vSphere 7 and Pure Storage is here!

At long last! vSphere 7 is available for download.

An overview podcast on whats up:

As time progresses we will have a lot more content out–especially new integrations around the VMware ecosystem. So certainly stay tuned, this is just the start!


Ah yes NVMe. This is has been a journey! A good one of course. Let’s follow it:

  • June 2015. We made our NVRAM NVMe-based. This was step 1.
  • November 2016. VMware added a virtual NVMe adapter for virtual machine. Thus begun VMware’s journey!
  • April 2017. We transitioned from SSD-based flash to NVMe-based flash. We were starting to see the looming potential of running into the same bottleneck of spinning disk. The drives were getting bigger, but not faster. So effectively slower (less IOPS per GB). Removing the SAS layer opened us up–especially for performance density. Open up that NAND!
  • September 2017. Direct-connected shelves via NVMe-oF! Now expanding our NVMe support outside of our main chassis.
  • February 2019. Front-end NVMe-oF with RoCEv2. Extending NVMe to the host!

So all of this begs the question, VMware was working from the VM side down and we were working from the flash medium layer up. When will this journey meet in the middle?! vSphere 7.0 of course! And it is now here.

See a configuration demo below:

See our documentation here:


We are day 0 certified:


vSphere Client Plugin

We have also released a new vSphere Client Plugin! Version 4.3.0.


New features include:

  • Support of vSphere 7.0
  • Support for NVMe-oF datastore identification
  • Full ActiveCluster/Pod Datastore Provisioning
  • Support for non-uniform ActiveCluster host clusters
  • Volume Group management
  • IOPS/Throughput limit assignment on datastores and/or volume groups

Look for a more specific post soon on this.


Latency Based Path Selection Policy is now Default!

I have blogged about it in the past:

And after a lot of testing and soaking we have decided to make it our best practice in vSphere 7.0. But like all things I don’t want you make that your problem. So we worked with VMware to make sure it is a default configuration in vSphere 7.0. All Pure Storage FlashArray devices will automatically be claimed by the enhanced PSP.

More on that coming too!

Site Recovery Manager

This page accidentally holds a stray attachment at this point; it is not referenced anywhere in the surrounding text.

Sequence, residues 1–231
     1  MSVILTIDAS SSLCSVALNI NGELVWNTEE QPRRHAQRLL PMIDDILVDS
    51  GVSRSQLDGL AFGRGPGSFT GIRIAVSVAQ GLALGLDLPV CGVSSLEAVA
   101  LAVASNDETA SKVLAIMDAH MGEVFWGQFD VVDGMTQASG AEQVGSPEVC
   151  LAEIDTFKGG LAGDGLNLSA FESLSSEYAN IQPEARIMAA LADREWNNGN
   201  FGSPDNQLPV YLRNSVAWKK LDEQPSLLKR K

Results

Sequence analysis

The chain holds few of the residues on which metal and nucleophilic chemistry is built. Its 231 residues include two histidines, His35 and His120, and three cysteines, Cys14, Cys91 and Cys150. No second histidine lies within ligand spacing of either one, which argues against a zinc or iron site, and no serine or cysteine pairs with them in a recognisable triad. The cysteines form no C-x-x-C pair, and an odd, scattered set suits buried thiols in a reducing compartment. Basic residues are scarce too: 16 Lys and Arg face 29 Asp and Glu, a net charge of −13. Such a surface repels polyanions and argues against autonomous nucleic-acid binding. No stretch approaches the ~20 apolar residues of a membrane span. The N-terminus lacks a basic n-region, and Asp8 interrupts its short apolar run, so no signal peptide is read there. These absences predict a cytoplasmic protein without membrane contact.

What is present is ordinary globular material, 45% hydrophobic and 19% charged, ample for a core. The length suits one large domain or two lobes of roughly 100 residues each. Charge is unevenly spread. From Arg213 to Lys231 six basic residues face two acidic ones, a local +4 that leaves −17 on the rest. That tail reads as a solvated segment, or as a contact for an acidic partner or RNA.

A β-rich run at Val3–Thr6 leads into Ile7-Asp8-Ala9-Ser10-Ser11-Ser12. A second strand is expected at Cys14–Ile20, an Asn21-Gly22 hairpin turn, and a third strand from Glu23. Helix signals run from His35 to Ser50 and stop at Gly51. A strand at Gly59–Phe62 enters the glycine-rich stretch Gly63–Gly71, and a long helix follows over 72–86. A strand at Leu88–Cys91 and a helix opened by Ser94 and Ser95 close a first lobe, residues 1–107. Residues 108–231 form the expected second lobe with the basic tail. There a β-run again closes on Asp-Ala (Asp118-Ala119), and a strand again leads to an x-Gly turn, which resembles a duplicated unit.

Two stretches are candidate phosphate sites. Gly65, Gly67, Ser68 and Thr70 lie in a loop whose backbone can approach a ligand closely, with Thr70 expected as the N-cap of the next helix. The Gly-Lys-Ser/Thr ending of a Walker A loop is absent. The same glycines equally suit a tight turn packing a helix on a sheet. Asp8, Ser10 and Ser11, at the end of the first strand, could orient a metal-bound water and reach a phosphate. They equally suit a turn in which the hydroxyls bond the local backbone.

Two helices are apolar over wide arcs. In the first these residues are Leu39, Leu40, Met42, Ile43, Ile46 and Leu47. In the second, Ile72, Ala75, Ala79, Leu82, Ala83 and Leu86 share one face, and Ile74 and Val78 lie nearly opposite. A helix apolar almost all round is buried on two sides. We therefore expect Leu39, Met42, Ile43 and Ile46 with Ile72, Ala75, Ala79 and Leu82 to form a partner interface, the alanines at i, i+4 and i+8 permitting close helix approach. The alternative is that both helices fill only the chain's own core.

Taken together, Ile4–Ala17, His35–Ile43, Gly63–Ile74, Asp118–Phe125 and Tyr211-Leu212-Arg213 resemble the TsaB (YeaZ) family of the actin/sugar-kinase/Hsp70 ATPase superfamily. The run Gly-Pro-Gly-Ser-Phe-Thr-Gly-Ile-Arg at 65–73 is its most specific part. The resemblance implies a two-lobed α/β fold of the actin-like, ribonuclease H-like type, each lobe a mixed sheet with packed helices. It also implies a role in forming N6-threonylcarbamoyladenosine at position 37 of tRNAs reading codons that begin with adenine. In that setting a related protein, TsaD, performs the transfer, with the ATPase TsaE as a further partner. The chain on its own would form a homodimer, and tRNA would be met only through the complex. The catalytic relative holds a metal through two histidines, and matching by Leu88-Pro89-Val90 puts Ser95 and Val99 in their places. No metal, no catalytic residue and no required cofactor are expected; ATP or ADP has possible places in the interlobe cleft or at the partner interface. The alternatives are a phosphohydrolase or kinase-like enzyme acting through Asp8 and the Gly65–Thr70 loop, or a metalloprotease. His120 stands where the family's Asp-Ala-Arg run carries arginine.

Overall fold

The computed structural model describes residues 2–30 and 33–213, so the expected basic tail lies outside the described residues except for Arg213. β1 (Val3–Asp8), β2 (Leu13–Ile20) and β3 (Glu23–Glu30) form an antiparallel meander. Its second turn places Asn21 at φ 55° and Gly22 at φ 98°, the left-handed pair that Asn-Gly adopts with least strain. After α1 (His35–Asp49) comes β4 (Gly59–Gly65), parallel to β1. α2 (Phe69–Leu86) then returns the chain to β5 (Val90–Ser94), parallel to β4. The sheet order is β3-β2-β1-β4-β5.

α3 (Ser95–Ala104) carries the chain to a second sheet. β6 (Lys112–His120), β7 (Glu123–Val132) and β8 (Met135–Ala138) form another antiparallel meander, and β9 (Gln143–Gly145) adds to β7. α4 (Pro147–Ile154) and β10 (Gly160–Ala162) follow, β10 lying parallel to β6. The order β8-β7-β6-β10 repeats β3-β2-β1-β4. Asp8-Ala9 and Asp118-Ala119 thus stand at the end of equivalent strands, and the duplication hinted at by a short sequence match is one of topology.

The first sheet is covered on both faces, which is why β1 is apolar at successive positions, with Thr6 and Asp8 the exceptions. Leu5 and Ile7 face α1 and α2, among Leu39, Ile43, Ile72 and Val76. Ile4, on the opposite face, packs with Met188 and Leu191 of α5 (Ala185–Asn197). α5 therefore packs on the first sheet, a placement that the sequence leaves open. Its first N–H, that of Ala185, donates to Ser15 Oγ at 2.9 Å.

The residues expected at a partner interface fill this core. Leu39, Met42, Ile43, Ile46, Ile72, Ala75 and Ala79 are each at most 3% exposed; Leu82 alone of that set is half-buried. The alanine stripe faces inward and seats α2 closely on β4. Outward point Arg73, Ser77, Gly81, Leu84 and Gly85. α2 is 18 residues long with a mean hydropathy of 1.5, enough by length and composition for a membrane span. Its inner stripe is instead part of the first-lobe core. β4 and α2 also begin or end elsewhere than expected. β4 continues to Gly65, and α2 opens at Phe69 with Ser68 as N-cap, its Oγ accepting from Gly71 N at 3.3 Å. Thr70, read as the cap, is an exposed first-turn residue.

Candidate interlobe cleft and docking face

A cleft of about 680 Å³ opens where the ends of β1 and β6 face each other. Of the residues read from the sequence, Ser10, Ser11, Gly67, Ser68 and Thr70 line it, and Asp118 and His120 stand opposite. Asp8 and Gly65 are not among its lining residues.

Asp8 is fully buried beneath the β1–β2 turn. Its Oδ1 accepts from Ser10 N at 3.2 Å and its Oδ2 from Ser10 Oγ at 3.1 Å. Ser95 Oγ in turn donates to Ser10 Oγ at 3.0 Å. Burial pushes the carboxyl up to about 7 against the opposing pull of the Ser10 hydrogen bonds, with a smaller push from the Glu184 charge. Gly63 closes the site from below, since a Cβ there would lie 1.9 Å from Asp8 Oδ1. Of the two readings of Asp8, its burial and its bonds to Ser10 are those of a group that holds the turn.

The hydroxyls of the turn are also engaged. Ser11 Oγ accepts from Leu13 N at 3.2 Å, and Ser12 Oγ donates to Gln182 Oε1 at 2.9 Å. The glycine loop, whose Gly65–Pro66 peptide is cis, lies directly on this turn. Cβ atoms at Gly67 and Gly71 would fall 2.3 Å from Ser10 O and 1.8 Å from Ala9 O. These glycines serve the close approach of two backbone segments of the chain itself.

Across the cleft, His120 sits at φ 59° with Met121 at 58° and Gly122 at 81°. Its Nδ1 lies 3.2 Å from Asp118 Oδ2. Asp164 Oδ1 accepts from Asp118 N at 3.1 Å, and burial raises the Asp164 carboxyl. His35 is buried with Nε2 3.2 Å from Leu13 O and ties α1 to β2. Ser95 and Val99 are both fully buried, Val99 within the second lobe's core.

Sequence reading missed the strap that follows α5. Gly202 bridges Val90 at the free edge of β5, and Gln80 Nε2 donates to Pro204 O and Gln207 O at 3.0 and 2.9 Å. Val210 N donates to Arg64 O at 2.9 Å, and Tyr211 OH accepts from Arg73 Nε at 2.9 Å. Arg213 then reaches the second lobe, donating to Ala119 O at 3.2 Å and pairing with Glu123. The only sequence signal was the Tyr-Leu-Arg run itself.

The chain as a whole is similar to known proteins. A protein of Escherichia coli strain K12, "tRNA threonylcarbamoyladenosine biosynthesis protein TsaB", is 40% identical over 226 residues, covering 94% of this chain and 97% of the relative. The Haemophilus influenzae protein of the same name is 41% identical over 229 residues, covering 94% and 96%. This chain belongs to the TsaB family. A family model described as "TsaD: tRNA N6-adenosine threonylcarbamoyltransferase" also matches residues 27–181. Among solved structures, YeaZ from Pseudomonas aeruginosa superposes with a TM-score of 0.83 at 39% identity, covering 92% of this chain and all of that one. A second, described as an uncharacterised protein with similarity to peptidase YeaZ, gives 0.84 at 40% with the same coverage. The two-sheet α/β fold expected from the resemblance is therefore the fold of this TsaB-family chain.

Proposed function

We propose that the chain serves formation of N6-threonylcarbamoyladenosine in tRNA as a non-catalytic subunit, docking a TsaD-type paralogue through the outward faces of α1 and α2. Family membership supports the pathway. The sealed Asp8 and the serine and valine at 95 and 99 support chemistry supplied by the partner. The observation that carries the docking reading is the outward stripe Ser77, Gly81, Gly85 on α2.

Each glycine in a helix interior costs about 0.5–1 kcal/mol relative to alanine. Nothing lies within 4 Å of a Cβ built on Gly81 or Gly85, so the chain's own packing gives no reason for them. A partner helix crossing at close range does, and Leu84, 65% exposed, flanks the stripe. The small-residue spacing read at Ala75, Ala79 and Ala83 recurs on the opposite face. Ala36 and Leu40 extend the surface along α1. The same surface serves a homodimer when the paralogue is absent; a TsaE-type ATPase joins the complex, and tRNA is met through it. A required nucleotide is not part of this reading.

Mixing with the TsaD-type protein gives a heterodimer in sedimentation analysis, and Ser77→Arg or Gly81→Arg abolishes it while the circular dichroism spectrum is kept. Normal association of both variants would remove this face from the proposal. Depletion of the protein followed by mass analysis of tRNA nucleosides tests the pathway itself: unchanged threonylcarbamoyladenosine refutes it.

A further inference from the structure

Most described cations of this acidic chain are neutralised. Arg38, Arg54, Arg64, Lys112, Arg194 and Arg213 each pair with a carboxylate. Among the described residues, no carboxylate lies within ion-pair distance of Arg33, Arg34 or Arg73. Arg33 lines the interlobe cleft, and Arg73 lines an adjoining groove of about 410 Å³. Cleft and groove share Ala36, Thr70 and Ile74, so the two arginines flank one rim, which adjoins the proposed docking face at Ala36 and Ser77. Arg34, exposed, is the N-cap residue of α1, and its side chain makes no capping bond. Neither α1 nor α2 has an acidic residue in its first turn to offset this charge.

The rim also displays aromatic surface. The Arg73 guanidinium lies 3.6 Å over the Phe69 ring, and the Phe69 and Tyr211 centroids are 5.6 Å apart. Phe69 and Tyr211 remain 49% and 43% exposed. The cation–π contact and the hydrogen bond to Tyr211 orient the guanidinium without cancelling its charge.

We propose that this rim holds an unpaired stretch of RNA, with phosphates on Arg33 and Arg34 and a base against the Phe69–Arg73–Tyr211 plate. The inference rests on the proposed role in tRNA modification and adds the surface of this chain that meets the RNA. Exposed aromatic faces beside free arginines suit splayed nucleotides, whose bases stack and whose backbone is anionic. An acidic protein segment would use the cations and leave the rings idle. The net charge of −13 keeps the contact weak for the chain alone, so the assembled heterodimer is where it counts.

A ton coming here. VMware officially released SRM support of vVols!


We are not quite listed on the SRM vVol cert page yet but we will be very soon. Our code release of Purity that we have been working on did not quite time its release with vSphere 7, so once that is done we will post certification (this will be measured in days, not weeks). We have spent A LOT of time enhancing and improving our VASA provider, Purity, and working with VMware to build and support SRM and vVol replication. And quite a few improvements in ESXi/vCenter has come out of the work too. vVols are just getting better and better. We left no stone unturned on this.

We also have a new SRA coming that will land around the same time. So stay tuned!

And More!

We are updating our vRealize integrations which will align with the upcoming release that VMware announced (8.1) as well as more stuff around VMware Cloud Foundations, Cloud Native Storage, and Tanzu! Very exciting times.

Oh and vVol support in VM Analytics will appear very soon!

5 Replies to “vSphere 7 and Pure Storage is here!”

  1. What are the requirements for connecting the vSphere plugin to a flash array via the “Connect a single array” tab? We have a stubborn array that will not connect- simply errors out with the message “Error connecting to array”. We have other arrays that connect just fine.

    Is there a more verbose log file somewhere that we can troubleshoot this?

    1. Just TCP port 443. The vSphere-UI virgo log can help, but it isn’t super verbose. This is likely something else, could have to do with a bug we just found and fixed in the upcoming 4.3.1 release. I’d recommend opening a support ticket

  2. Hi, We need to create the Pure Flasharray SATP iops=1 in 7.0 Esxi version? Or only with the default policy=latency we have a good performance?

    1. We worked with VMware to change the default to the latency policy because it is superior to IOPS=1. In normal circumstances they will perform the same, in abnormal situations the latency policy has proven to be better. So there is no need to make any changes.

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